Diverse ways of life

Although she grew up in the country, Mauch is now an urbanite through and through. She moved into her first shared flat in Zurich 33 years ago as a young student. Since then her loyalty to Zurich has been unwavering and she is now the city’s biggest champion: the cultural scene, the different kinds of people and their ways of life, the energy, the dialogue that results from the friction of people living closely together – Mauch loves Zurich’s urban diversity and openness. She quotes Swiss writer Hugo Loetscher, who spoke of cities as the “greatest possible synchronicity of human possibilities”. And at least since 1999, when Mauch was first elected to the city council, she has been active politically in trying to realise these possibilities. “Today in Zurich, people from 170 countries live together in peace – without ghettos or parallel societies. This is immensely valuable, and we invest a lot in it!” At present, however, this diversity has come under pressure from right-wing populist circles. Mauch counters with facts. Figures from a recent study by the mGrosse Kernstädte interest group show that

between 2002 and 2008, the economic strength of Switzerland’s ten largest cities grew by 3.2 per cent more than it would have without the free movement of persons. And Mauch emphasises that innovation and creativity often come from the outside – that’s the only way Zurich could become the melting pot of science, culture and enterprise that it is today. ETH has been a key part of this process for more than 150 years, the mayor was quick to point out: “The University’s talented

graduates are among the most important reasons why innovative companies like Google, Disney and IBM open locations here today.” After Bern was named the federal city of Switzerland and was crowned with the parliament building, ETH in Zurich was initially seen as a consolation prize, Mauch says. But then she adds, grinning, “And yet when you look at all ETH has done for our residents, educational policy and urban development, it’s clear that Zurich won the big prize!”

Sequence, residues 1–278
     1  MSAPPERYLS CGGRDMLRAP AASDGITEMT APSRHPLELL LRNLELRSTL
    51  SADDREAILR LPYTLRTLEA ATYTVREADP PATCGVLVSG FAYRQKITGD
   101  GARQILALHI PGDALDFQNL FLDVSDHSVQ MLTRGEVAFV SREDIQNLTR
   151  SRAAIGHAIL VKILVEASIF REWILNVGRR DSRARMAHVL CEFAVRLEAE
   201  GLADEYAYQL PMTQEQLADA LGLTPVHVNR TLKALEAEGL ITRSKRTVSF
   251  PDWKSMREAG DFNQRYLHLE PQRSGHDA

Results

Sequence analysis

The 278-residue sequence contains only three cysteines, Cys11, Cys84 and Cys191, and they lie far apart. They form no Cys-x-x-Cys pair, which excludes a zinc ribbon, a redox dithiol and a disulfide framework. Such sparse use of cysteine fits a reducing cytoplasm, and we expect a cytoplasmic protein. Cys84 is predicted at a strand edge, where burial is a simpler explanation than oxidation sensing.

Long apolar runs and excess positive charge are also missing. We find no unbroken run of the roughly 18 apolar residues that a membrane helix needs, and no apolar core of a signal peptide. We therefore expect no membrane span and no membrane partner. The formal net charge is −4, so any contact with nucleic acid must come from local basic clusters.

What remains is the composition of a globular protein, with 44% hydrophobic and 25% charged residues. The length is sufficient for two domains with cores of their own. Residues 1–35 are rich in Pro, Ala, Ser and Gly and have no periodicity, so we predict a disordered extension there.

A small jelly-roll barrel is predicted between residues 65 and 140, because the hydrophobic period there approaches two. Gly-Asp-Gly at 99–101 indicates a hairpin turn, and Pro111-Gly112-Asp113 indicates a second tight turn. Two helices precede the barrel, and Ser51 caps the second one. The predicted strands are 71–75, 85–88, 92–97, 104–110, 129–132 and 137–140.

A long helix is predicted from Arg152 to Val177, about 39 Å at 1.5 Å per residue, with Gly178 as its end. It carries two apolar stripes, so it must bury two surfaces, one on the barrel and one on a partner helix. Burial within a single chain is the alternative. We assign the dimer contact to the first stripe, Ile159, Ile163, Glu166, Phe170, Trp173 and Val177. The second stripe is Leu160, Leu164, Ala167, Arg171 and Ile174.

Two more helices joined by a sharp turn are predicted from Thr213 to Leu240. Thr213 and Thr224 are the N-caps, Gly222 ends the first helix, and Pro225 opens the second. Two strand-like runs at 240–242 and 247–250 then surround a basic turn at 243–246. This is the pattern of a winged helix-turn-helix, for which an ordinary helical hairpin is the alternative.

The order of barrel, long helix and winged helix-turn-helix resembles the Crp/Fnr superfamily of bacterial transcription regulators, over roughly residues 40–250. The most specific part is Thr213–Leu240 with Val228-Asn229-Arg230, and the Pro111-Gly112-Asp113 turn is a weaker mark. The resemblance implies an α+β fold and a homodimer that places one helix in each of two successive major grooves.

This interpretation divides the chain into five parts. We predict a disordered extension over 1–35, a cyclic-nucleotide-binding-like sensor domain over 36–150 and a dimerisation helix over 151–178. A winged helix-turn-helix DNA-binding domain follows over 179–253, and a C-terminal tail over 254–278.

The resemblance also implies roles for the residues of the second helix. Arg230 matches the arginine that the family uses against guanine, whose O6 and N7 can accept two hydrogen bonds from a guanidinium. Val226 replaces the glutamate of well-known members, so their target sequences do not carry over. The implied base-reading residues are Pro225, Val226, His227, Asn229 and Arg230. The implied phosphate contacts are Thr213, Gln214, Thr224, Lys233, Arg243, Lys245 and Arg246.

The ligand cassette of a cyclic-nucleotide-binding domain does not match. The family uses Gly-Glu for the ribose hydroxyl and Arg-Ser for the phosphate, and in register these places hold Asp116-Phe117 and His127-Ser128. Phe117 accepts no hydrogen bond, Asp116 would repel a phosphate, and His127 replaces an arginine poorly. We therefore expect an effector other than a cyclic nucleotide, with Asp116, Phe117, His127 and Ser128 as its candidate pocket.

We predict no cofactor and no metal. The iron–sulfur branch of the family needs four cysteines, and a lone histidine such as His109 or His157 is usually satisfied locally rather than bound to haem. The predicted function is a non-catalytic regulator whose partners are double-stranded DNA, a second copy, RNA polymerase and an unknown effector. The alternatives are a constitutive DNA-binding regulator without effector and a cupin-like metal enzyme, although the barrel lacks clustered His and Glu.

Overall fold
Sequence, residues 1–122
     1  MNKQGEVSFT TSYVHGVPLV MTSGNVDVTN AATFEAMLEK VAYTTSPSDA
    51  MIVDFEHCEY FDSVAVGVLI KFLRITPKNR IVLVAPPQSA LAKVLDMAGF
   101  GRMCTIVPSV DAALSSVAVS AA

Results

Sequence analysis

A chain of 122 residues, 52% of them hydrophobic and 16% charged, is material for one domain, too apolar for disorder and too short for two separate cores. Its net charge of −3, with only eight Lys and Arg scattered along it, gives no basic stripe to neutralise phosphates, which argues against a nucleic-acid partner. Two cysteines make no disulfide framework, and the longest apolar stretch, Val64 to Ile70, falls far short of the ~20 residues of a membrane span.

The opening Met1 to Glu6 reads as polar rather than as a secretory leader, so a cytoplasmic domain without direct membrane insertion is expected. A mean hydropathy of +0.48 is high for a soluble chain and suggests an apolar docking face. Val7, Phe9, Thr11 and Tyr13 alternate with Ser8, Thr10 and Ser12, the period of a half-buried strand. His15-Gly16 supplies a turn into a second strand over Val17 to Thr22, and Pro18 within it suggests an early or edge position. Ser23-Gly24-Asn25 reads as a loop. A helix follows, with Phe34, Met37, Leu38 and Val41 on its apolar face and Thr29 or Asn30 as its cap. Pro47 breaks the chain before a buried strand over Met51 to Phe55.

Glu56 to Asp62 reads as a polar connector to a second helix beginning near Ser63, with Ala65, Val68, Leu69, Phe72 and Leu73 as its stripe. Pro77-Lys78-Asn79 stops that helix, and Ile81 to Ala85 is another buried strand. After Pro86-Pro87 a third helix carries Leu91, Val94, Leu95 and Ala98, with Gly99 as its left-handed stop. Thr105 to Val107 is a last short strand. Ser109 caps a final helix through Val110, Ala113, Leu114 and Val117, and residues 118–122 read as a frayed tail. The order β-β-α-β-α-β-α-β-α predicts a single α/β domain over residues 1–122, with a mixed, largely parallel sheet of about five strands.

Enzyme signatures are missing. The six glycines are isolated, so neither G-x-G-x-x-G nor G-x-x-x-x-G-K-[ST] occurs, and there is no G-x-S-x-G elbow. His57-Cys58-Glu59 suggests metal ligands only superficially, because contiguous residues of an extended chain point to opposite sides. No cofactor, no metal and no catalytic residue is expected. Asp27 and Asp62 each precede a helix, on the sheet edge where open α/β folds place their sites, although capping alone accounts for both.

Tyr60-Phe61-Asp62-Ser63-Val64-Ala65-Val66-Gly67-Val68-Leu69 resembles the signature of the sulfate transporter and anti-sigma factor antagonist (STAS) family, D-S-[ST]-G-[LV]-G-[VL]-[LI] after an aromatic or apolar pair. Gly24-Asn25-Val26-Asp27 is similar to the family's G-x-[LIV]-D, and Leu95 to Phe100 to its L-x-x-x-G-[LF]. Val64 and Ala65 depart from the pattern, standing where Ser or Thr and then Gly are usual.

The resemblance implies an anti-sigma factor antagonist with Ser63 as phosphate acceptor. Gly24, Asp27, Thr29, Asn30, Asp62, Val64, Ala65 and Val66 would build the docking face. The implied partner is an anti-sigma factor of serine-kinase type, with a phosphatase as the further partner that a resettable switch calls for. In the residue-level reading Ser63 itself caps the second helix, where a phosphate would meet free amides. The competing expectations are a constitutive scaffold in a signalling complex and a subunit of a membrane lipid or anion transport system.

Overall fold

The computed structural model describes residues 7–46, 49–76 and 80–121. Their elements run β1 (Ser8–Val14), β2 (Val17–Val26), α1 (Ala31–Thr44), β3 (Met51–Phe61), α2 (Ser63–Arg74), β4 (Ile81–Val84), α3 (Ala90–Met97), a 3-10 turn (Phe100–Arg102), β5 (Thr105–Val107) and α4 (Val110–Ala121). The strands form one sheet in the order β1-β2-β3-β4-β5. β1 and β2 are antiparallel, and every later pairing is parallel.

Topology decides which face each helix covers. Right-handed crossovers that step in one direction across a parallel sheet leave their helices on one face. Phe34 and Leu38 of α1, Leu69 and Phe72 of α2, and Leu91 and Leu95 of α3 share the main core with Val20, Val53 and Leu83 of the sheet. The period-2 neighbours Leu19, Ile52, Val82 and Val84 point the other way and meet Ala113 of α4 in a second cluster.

Zur Person Corine Mauch

wurde 1960 in Iowa City (USA) geboren. Vier Jahre später kehrte die Familie in den Aargau zurück. Von 1980 bis 1986 studierte sie Agrarökonomie an der ETH Zürich, danach an der Universität Zürich vier Semester China-Wissenschaften. Von 1989 bis 1993 war Mauch Abfall- und Umweltbeauftragte der Stadt Uster. Danach forschte und lehrte sie bis 2000 bei der Gruppe Humanökologie am Geografischen Institut der ETH Zürich. 1990 trat sie der SP bei. 1999 wurde sie erstmals in den Gemeinderat der Stadt Zürich gewählt, wo sie unter anderem in der Stadtentwicklungs- und Rechnungsprüfungskommission mitwirkte. Am 29. März 2009 gewann sie die Stichwahl für das Stadtpräsidium gegen Kathrin Martelli. 2014 setzte sie sich erneut durch, diesmal gegen Filippo Leutenegger.


Die ETH und die Stadt Zürich

Die ETH ist vielseitig mit der Stadt Zürich verbunden. Das energiepolitische Modell «2000-Watt-Gesellschaft» beispielsweise wurde in den 1990er-Jahren an der ETH Zürich entwickelt und 2008 als Ziel in die Zürcher Verfassung aufgenommen. Beide

Institutionen unterstützen die private Initiative «DigitalZurich2025 », die Zürich als Innovationsstandort für digitale Technologien stärken will. Und nicht zuletzt arbeitet die ETH auch im Rahmen des «Masterplan Hochschulgebiet Zürich Zentrum» eng mit der Stadt zusammen.